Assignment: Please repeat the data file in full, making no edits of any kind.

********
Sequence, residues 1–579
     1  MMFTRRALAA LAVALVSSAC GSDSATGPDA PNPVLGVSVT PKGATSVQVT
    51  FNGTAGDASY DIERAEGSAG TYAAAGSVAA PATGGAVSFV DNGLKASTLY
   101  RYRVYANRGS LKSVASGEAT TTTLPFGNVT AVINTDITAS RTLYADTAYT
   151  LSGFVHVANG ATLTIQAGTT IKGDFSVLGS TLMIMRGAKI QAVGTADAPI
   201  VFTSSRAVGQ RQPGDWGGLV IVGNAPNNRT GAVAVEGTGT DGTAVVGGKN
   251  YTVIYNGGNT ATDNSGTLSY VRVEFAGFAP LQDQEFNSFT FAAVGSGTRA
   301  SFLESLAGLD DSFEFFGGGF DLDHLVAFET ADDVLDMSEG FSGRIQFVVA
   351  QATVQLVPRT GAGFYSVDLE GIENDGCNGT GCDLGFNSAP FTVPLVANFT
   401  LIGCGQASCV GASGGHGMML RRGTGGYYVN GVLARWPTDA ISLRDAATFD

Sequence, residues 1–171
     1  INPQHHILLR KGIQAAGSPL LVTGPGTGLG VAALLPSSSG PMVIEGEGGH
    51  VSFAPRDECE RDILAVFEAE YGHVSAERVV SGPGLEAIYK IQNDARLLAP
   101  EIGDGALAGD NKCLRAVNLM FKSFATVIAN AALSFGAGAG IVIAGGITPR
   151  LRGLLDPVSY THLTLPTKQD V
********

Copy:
Sequence, residues 1–579
     1  MMFTRRALAA LAVALVSSAC GSDSATGPDA PNPVLGVSVT PKGATSVQVT
    51  FNGTAGDASY DIERAEGSAG TYAAAGSVAA PATGGAVSFV DNGLKASTLY
   101  RYRVYANRGS LKSVASGEAT TTTLPFGNVT AVINTDITAS RTLYADTAYT
   151  LSGFVHVANG ATLTIQAGTT IKGDFSVLGS TLMIMRGAKI QAVGTADAPI
   201  VFTSSRAVGQ RQPGDWGGLV IVGNAPNNRT GAVAVEGTGT DGTAVVGGKN
   251  YTVIYNGGNT ATDNSGTLSY VRVEFAGFAP LQDQEFNSFT FAAVGSGTRA
   301  SFLESLAGLD DSFEFFGGGF DLDHLVAFET ADDVLDMSEG FSGRIQFVVA
   351  QATVQLVPRT GAGFYSVDLE GIENDGCNGT GCDLGFNSAP FTVPLVANFT
   401  LIGCGQASCV GASGGHGMML RRGTGGYYVN GVLARWPTDA ISLRDAATFD

Sequence, residues 1–171
     1  INPQHHILLR KGIQAAGSPL LVTGPGTGLG VAALLPSSSG PMVIEGEGGH
    51  VSFAPRDECE RDILAVFEAE YGHVSAERVV SGPGLEAIYK IQNDARLLAP
   101  EIGDGALAGD NKCLRAVNLM FKSFATVIAN AALSFGAGAG IVIAGGITPR
   151  LRGLLDPVSY THLTLPTKQD V